1. When was the play first performed?
A single edition of the play appeared in1600; it was performed one or two years earlier.
2. Where was the play first performed?
First at James Burbage’s outdoor playhouse, The Theatre, north of the city wall, then at the newly-constructed Globe.
3. How does this play fit into Shakespeare’s career?
It comes roughly in the middle of his career, and scholars group it as a “mature comedy” with The Merchant of Venice (coming soon to the Blackfriars Playhouse), As You Like It, and Twelfth Night (also coming soon in a new, abbreviated version to the Blackfriars Playhouse).
4. How is this play like Shakespeare’s other plays?
In terms of gender relationships, the play seems to be a reworking of Shakespeare’s theme (Two Gentlemen of Verona, Love’s Labour’s Lost, Julius Caesar) that guys who hang out together are generally idiots and largely undeserving of the women they claim to love.
5. How is this play unlike Shakespeare’s other plays?
Shakespeare’s works famously don’t take sides on the political and social issues they raise, but the ferocity of Beatrice’s attack on male chauvinism (see #4 above) and Benedick’s conversion leave no doubt on the play’s viewpoint.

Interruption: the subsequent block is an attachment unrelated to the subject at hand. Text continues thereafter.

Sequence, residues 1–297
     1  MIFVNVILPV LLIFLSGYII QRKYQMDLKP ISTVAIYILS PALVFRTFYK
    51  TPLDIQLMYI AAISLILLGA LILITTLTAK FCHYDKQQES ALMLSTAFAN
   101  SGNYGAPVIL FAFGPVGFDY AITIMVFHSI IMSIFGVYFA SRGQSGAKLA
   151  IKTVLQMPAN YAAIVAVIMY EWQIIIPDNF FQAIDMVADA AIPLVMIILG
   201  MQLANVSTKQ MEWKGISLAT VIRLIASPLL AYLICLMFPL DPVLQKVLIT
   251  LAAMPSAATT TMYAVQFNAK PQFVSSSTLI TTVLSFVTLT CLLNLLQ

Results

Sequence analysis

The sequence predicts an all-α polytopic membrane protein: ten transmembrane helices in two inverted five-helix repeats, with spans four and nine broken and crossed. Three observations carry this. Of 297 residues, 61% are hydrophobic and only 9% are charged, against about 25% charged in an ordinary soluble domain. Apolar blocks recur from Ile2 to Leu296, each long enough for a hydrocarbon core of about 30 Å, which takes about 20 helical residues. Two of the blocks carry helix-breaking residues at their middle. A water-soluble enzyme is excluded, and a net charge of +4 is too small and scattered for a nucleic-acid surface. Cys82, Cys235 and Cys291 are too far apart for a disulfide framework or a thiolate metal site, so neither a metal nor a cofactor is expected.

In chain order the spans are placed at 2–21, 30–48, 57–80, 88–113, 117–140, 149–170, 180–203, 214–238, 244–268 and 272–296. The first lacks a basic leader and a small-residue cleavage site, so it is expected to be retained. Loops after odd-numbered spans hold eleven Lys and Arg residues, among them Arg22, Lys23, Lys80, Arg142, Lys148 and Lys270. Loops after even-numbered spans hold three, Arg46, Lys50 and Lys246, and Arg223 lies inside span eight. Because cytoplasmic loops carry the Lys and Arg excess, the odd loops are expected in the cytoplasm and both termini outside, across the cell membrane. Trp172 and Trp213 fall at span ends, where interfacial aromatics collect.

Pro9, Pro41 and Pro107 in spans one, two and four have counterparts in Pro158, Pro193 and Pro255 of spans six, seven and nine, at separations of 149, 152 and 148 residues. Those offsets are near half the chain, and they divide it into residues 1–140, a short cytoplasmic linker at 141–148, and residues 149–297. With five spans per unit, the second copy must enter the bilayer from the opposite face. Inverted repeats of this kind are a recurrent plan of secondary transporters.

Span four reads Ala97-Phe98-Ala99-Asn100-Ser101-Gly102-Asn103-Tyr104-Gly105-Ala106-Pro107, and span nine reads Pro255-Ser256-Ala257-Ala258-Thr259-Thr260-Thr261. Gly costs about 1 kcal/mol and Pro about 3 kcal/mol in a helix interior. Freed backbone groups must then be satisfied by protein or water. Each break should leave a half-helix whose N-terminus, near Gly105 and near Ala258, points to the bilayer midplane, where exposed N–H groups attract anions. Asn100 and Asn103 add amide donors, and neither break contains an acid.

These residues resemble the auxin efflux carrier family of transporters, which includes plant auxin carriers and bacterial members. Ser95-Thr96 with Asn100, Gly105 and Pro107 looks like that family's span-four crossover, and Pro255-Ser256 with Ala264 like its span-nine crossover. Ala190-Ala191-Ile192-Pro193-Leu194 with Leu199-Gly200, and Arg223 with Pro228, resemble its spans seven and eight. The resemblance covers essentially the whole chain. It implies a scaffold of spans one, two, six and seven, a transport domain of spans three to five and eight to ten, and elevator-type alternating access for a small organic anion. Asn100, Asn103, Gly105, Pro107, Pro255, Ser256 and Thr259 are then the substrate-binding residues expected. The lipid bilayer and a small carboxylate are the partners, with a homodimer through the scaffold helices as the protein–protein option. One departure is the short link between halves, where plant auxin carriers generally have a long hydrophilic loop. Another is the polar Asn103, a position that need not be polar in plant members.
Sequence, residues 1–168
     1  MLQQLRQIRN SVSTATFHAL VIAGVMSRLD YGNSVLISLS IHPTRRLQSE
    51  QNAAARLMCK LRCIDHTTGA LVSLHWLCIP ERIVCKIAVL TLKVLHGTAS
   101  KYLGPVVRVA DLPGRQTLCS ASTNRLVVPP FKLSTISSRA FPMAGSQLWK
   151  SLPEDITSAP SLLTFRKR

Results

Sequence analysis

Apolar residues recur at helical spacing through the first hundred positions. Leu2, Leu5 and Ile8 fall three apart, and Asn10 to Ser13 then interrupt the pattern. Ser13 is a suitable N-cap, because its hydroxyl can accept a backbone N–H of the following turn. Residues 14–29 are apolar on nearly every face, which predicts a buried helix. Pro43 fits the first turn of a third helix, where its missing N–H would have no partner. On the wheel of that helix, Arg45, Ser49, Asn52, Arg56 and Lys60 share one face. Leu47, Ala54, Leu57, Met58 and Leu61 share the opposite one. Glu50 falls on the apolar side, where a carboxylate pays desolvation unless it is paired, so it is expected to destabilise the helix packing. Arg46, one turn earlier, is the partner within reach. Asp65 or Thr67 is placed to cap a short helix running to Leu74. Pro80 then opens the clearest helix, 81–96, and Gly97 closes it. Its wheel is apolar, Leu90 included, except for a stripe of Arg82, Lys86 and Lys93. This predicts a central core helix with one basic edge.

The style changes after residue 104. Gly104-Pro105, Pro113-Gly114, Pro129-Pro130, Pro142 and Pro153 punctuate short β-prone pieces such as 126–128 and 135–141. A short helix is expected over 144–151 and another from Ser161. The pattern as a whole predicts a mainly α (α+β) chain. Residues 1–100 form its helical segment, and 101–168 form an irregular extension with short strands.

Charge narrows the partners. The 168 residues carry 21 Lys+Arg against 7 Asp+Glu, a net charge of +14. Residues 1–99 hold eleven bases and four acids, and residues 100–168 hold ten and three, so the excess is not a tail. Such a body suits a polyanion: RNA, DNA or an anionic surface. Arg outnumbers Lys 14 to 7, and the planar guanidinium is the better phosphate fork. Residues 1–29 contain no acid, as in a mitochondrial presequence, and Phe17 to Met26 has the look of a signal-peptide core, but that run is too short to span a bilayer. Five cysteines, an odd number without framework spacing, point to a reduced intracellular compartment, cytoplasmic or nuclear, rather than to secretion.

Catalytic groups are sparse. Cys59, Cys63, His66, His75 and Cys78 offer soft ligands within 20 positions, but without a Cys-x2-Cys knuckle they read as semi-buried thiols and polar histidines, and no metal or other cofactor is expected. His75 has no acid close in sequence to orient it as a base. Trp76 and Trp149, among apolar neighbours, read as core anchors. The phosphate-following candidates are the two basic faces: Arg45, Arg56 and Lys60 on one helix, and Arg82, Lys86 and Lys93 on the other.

6. What do scholars think about this play?
They admire it. Though, oddly, they have less to say about it than they do about the comedies they group with it. This relative quiet may be a subconscious response to the play’s message that much of what we have to say is nonsense, a message neatly summed up in the play’s title.
7. Is there any controversy surrounding the work?
8. What characters should I especially look for?
Beatrice and Benedick, one of the great couples in literature, are among Shakespeare’s wittiest creations, and Beatrice is among his wisest. People who love words cannot resist the two of them nor the play’s hilarious foil to witty language, Dogberry, whose words are a very fantastical banquet.
9. What scenes should I especially look for?
For laughs: Act Two, scene three, called “the Gulling Scene,” is theatrical magic in which Benedick’s friends trick him into realizing he’s in love with Beatrice. For not laughs: The sudden descent into darkness of Act Four, scene one, has few parallels in comedy, and the duet at the end of the scene may be the stage’s most important exchange about romantic love.
10. What is the language like?
This play has more prose in it than all but one of Shakespeare’s plays (Merry Wives), and, rich and intricate as it is, that prose contributes to the sense that the play is so contemporary.